Organic geographic expansion continues to be a key component of our large commercial construction strategy. We are opening a new Alpha location in Phoenix early this year and expect this location to quickly ramp given favorable trends within the region.

To wrap up my comments before turning the call over to Michael, I'd like to review the impacts our financial wellness, stock compensation and community engagement programs have had on our Company and our employees. As a result of these programs, I'm pleased to report IBP experienced improving employee retention rates in 2018. Better retention rates produced significant benefit benefits across our organization. They increased labor efficiency, reduced training costs and improved employee morale. I've received numerous emails and hand written letters from employees thanking me and IBP for these programs.

Through these initiatives, we have positively impacted the lives, families and communities of our hardworking local employees. Today, more than 3,000 people have gained tools and knowledge through our financial wellness programs. Our performance and longevity based stock compensation program has been awarded to more than 1,000 employees, who now enjoy the pride of ownership in IBP.

With our support, numerous hours have been volunteered and financial resources have been donated to various organizations throughout our many IBP communities and we encourage our employees to support the local causes they believe are important. We are dedicated to providing and promoting a strong employee-first culture at IBP and I am proud and encouraged by the progress we are making.

In closing, 2018's financial results show the strength of IBP's platform. As we look to the future, we are excited by the opportunities we have to grow our geographic footprint, increase our end market penetration and expand the products and services we offer residential and commercial builders. We are focused on profitable growth, which has produced significant improvements in net income and adjusted EBITDA, and drives compelling returns on invested capital and equity.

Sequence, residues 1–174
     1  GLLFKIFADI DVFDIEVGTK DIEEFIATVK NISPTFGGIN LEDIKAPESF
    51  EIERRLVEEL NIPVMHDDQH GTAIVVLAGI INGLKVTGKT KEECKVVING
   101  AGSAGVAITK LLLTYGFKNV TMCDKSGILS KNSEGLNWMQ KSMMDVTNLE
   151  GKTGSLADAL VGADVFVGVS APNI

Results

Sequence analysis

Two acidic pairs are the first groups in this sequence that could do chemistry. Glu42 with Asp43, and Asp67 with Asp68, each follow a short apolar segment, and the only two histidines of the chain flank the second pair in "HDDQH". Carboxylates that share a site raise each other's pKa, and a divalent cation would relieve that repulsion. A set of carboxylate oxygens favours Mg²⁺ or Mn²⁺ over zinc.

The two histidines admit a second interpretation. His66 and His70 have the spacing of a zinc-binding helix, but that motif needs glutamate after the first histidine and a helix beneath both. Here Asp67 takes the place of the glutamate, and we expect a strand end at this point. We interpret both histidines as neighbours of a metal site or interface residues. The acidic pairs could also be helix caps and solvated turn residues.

We are committed to creating value for shareholders and we'll continue to deploy our strong operating cash flow to make strategic acquisitions, invest in our business and repurchase stock. I'm excited about our future and the opportunities we have to create value for our stockholders.

I would now like to turn the call over to Michael to provide more details on our fourth quarter results.

Michael Wood -- Nomura Instinet -- Analyst

Thank you, Jeff, and good morning, everyone. For the full year, our net sales increased 18% to $1.3 billion compared to $1.1 billion in the prior year, which was mainly driven by higher volumes and pricing, favorable end customer and end product mix, and our 2018 acquisitions. For the 2018 fourth quarter, our revenue increased 17.8% to a record $353.1 million. Our same-branch sales increased 11.1% due to favorable improvements in price and mix and an increase in volume.

Our same-branch d single-family sales growth was 8.6% and our total new residential construction same-branch sales increased 10.9%. Fourth quarter 2018 gross profit improved 21.3% to $98.6 million from $81.3 million in the prior year quarter. Adjusted gross profit as a percent of revenue was 27.9% compared to 28.1% for the same period last year. Based on seasonality within the business, we would typically expect to see adjusted gross profit as a percent of revenue decline sequentially in the fourth quarter. The 27.9% in the fourth quarter of 2018 is consistent with the third quarter, predominantly as a result of the timing of material cost increases and our customer pricing initiative.

I'm pleased to report, on the labor side of cost of goods sold, we continue to experience lower turnover and better retention and productivity rate. These improvements are a direct result of the investments we've been making to attract, retain and motivate our workforce and we will continue investing in our employee benefit program.

For the 2018 fourth quarter, selling and administrative expenses as a percent of net revenue improved to 18.7% as compared to 19.2% for the 2017 period. As a percentage of revenues, administrative expenses were 13.7% in the fourth quarter compared to 13.9% for the same period last year. Adjusted selling and administrative expenses as a percent of net revenue improved by 50 basis points from 18.5% to 18%. We expect selling and administrative expenses as a percent of net revenue to continue to improve over time as we further scale our operations and benefit from increased sales.

As we have stated in previous earning calls, it is important to note that as our acquisition strategy continues, and as the volume of total acquired business operations become larger, we will incur additional non-cash amortization expense. In the fourth quarter, we recorded $5.7 million of amortization expenses compared to $7.1 million for the same period last year. This non-cash (Technical Difficulty) adjustment impacted net income, which is why we continue to believe that adjusted EBITDA is the most useful measure of profitability.

Based on our acquisition completed to-date, we expect first quarter 2019 amortization expense of approximately $5.9 million and full year expense of approximately $23.3 million. This figure will change with any subsequent acquisitions.